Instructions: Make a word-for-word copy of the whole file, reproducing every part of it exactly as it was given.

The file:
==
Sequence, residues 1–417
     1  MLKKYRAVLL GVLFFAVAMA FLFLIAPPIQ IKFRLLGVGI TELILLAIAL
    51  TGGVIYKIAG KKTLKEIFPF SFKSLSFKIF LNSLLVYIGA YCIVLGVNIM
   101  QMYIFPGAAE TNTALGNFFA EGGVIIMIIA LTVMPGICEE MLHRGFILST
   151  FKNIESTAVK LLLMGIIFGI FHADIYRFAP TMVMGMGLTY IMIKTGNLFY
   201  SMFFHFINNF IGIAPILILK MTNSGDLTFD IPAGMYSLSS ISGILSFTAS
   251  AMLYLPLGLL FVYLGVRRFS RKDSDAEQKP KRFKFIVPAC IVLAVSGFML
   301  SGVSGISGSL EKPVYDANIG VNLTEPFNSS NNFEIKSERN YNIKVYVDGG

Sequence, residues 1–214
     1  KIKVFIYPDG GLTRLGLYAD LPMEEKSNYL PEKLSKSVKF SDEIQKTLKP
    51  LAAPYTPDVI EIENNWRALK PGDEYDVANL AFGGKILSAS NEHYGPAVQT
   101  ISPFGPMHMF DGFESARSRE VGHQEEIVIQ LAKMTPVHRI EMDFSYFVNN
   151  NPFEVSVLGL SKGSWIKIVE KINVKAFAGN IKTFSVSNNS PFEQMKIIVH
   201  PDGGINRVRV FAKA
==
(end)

Sequence, residues 1–417
     1  MLKKYRAVLL GVLFFAVAMA FLFLIAPPIQ IKFRLLGVGI TELILLAIAL
    51  TGGVIYKIAG KKTLKEIFPF SFKSLSFKIF LNSLLVYIGA YCIVLGVNIM
   101  QMYIFPGAAE TNTALGNFFA EGGVIIMIIA LTVMPGICEE MLHRGFILST
   151  FKNIESTAVK LLLMGIIFGI FHADIYRFAP TMVMGMGLTY IMIKTGNLFY
   201  SMFFHFINNF IGIAPILILK MTNSGDLTFD IPAGMYSLSS ISGILSFTAS
   251  AMLYLPLGLL FVYLGVRRFS RKDSDAEQKP KRFKFIVPAC IVLAVSGFML
   301  SGVSGISGSL EKPVYDANIG VNLTEPFNSS NNFEIKSERN YNIKVYVDGG

Sequence, residues 1–214
     1  KIKVFIYPDG GLTRLGLYAD LPMEEKSNYL PEKLSKSVKF SDEIQKTLKP
    51  LAAPYTPDVI EIENNWRALK PGDEYDVANL AFGGKILSAS NEHYGPAVQT
   101  ISPFGPMHMF DGFESARSRE VGHQEEIVIQ LAKMTPVHRI EMDFSYFVNN
   151  NPFEVSVLGL SKGSWIKIVE KINVKAFAGN IKTFSVSNNS PFEQMKIIVH
   201  PDGGINRVRV FAKA